After finishing High School he was conscripted in the Soviet Army. He came to army with joy and applied for the commander courses. After finishing all courses and gaining all necessary certificates he was told to join the communist party and sign an agreement to loyally serve the regime and fulfill every order. He declined. He was sent away with words: “From mud you came, the mud you must stay”. On 1963 with resentment that he was outside the party and gave up the officer carrier he was accepted into Riga Aviation Engineer Institute. But, Javoišs knew every line of the soviet ideology and the party plans to convince the examiners. He begun the studies with excitement, but soon the harassing Russification had enough of him. Not even in school cafeteria he could freely speak Latvian without suspicious looks. The lectures about history of the communist party and the philosophy of Marxism were a hardship to him. In war school and army he heard all this but now it was enough.
He began to ask questions – from whom Cossack Yermak liberated the people of Siberia, why the Caucasian nations lived better under the Tsar rather than Turks. And why nothing was done to fulfill the great Lenin instructions in national policy and why the plague of the “Great Russian” chauvinism still reigns. The teachers asked to prove the last statement. Javoišs said I don’t have to look deep for that: into that in army I was asked to sing along “”Russia, Russia – my fatherland” in Russian and was told to become an aviator I have to know Russian and it’s pointless to speak to local militiaman (policeman) in Latvia. Teacher replied that these questions are difficult and should be discussed outside the classrooms. And he was called to talk with party representative and asked what you don’t like in this institute. “Oh no! I like everything here!” He stayed quiet until the day of Soviet constitution came across. In discussion about the rights of seceding from the Soviet Union as granted by the “most democratic constitution in the world” Javoišs expressed concerns that Latvian nation against her own will is Russianized in “the prime essence of this word”. Teacher became angry and shouted: “What is holding you! Have you not read the constitution of the USSR? Secede if you nations want so!” Javoišs bitted his lips. Sure it was desire of him and many, but does to whole Latvian nation wants so? Could he speak on the behalf of the Latvian nation?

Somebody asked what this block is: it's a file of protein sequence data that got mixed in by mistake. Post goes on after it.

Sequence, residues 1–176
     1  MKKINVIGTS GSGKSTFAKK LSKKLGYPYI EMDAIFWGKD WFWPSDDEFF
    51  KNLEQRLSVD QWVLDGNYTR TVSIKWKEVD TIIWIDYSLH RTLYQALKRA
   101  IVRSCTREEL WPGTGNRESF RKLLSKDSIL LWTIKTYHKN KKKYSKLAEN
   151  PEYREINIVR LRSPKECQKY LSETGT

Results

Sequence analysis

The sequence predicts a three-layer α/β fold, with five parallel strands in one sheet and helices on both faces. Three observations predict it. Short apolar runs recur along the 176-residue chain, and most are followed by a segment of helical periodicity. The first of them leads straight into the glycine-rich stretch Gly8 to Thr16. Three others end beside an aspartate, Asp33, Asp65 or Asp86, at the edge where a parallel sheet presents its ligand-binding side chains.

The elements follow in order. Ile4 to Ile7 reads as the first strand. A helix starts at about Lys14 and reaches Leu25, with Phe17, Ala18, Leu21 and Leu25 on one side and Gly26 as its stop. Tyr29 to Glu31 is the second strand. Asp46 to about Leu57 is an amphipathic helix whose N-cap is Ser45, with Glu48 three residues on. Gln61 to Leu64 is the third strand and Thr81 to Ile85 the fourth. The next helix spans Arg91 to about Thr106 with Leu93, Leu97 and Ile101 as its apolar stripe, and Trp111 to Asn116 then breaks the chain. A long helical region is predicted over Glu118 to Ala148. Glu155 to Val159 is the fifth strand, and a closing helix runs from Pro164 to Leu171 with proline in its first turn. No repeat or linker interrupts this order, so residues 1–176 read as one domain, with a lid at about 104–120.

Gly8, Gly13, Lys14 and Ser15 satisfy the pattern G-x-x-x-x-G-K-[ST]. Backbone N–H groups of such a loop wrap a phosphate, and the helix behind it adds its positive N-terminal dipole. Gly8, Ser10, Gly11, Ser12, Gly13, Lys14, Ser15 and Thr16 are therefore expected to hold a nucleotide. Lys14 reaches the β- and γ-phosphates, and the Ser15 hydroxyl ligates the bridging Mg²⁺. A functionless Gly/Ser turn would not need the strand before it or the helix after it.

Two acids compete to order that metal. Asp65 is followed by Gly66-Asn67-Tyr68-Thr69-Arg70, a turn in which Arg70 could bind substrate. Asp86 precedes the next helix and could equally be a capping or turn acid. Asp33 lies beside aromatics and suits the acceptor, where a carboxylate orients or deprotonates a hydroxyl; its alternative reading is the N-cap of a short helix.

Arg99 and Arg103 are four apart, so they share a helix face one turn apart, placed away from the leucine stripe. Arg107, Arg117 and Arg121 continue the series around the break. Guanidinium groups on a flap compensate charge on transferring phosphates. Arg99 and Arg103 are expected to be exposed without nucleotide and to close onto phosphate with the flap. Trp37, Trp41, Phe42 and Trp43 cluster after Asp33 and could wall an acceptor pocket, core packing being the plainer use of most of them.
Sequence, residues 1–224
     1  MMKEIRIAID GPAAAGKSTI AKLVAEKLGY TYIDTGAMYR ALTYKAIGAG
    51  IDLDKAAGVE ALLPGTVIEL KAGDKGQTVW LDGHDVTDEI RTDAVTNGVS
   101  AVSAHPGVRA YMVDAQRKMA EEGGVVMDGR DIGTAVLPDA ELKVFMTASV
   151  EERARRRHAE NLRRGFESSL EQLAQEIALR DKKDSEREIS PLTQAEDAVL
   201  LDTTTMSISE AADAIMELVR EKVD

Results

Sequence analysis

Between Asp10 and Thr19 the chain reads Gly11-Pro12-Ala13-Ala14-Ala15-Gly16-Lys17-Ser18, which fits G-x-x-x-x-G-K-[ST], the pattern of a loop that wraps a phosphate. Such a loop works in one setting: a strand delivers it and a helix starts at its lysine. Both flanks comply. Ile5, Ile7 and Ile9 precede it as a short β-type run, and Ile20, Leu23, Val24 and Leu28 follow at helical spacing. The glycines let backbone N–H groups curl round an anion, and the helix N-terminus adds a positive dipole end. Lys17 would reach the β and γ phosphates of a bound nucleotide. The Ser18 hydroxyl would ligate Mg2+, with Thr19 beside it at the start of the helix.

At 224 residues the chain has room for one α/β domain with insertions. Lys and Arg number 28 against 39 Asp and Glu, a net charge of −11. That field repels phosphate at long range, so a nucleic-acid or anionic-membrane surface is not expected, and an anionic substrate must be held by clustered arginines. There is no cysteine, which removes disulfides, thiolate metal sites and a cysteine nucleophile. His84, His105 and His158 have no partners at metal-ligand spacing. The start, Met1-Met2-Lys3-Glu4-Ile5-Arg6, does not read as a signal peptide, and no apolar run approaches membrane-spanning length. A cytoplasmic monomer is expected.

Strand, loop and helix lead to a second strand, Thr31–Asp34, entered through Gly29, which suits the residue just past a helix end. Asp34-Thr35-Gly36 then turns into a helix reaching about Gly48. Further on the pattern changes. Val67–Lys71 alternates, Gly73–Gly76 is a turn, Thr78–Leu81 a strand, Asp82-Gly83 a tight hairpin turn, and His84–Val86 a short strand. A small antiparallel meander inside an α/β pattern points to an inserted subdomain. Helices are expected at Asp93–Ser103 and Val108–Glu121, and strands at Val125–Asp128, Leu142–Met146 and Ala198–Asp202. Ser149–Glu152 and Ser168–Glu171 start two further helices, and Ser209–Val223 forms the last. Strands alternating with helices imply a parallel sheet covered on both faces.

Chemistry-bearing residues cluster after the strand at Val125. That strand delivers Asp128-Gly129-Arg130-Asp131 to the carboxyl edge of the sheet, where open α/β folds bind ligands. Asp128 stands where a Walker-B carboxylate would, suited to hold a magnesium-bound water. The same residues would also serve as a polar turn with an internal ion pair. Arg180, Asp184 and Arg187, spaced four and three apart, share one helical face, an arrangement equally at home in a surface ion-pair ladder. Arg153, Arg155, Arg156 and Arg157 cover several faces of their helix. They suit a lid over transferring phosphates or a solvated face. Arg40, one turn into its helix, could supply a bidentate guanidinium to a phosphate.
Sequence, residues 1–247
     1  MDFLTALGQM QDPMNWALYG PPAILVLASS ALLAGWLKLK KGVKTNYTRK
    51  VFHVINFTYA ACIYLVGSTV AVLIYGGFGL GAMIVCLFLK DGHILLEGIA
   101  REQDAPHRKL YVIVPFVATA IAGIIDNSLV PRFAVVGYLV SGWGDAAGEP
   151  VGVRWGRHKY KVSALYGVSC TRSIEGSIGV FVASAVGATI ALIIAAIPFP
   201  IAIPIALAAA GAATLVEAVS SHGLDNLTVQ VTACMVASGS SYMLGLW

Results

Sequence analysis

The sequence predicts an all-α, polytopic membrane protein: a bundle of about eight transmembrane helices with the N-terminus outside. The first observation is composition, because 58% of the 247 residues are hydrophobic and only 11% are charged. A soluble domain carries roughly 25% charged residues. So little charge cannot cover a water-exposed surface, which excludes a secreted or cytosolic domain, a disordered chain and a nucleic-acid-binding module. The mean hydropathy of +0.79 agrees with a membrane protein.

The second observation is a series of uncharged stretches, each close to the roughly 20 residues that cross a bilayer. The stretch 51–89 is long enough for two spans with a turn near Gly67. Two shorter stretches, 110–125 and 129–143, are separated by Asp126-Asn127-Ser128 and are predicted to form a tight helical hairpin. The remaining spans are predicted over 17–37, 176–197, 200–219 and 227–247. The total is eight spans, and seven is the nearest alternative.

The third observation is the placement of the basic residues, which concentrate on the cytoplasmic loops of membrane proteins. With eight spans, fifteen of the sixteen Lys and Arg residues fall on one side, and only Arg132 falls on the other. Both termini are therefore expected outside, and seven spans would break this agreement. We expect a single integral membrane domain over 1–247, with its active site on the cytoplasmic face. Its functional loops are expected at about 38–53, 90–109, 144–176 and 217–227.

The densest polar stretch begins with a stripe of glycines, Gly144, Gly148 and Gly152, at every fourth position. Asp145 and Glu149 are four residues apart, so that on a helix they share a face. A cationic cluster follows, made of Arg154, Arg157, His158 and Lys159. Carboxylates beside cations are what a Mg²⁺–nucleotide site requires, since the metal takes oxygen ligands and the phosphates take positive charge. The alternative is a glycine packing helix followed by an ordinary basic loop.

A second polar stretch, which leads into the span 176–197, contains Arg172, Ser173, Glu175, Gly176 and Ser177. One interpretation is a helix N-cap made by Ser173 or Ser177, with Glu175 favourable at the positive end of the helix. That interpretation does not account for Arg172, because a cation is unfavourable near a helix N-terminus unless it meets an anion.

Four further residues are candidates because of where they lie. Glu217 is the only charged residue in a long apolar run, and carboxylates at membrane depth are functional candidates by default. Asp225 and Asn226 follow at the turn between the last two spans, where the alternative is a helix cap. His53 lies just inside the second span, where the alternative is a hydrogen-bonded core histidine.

And then before his eyes the mighty radio tower appeared. He will raise the flag of Latvia on it. Then he will see if the nation will support or condemn him. There were some instances in country side where the flag was raised on church tower or on the tall tree. But, that was in the country side – it has to happen in the main city center to all to see and not forgot. In front of the local soviet government and the occupying force. If he falls down let him to be buried on the Latvian soil. If he succeeds and will be arrested he will describe to all publicly why he had done this. In the court he will use all of his knowledge of the Soviet laws and constitution. Let there be plebiscite! Let the nation decide to break away from the union!
He learned how to climb and loose fear from heights. After all the flag of USSR was raised by skillful alpinist. And he had to tailor the flag himself and use the skills his grandma taught him. The flag was ready and was kept in the drawer till the night of December 5. It was the day of the Soviet Constitution.